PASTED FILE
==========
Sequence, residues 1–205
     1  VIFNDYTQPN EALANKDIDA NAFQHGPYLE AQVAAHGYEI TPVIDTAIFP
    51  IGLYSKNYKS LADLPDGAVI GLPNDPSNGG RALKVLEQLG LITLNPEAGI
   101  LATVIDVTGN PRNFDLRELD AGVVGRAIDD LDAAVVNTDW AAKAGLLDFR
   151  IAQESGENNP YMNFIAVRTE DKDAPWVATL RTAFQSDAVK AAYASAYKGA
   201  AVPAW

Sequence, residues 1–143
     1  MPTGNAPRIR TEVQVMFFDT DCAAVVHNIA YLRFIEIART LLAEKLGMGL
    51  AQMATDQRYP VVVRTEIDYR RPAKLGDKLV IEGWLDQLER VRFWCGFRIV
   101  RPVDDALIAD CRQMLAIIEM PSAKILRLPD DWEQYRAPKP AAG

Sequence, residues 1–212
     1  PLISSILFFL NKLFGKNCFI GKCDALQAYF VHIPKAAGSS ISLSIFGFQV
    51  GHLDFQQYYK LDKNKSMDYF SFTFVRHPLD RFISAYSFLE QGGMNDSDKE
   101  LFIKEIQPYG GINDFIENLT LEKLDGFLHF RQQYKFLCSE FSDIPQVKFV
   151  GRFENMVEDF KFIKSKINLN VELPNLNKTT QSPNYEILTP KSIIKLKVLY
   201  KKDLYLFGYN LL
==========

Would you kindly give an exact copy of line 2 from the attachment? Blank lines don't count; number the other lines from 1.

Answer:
     1  VIFNDYTQPN EALANKDIDA NAFQHGPYLE AQVAAHGYEI TPVIDTAIFP